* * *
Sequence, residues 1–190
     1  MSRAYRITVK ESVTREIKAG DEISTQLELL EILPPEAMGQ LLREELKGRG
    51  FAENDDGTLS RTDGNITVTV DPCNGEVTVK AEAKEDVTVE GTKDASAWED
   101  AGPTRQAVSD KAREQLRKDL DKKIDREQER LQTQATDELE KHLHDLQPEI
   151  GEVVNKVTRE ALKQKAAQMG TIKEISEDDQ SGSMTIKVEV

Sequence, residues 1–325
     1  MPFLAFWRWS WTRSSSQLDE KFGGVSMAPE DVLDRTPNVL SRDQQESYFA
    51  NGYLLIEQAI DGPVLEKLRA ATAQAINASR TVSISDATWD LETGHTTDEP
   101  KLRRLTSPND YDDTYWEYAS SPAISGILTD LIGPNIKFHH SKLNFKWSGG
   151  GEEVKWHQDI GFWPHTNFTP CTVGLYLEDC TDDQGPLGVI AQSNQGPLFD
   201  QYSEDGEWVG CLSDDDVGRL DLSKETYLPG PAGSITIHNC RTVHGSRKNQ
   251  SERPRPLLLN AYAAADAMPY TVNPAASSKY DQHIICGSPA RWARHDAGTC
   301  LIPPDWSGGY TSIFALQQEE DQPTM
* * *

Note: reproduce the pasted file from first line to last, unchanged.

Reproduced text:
Sequence, residues 1–190
     1  MSRAYRITVK ESVTREIKAG DEISTQLELL EILPPEAMGQ LLREELKGRG
    51  FAENDDGTLS RTDGNITVTV DPCNGEVTVK AEAKEDVTVE GTKDASAWED
   101  AGPTRQAVSD KAREQLRKDL DKKIDREQER LQTQATDELE KHLHDLQPEI
   151  GEVVNKVTRE ALKQKAAQMG TIKEISEDDQ SGSMTIKVEV

Sequence, residues 1–325
     1  MPFLAFWRWS WTRSSSQLDE KFGGVSMAPE DVLDRTPNVL SRDQQESYFA
    51  NGYLLIEQAI DGPVLEKLRA ATAQAINASR TVSISDATWD LETGHTTDEP
   101  KLRRLTSPND YDDTYWEYAS SPAISGILTD LIGPNIKFHH SKLNFKWSGG
   151  GEEVKWHQDI GFWPHTNFTP CTVGLYLEDC TDDQGPLGVI AQSNQGPLFD
   201  QYSEDGEWVG CLSDDDVGRL DLSKETYLPG PAGSITIHNC RTVHGSRKNQ
   251  SERPRPLLLN AYAAADAMPY TVNPAASSKY DQHIICGSPA RWARHDAGTC
   301  LIPPDWSGGY TSIFALQQEE DQPTM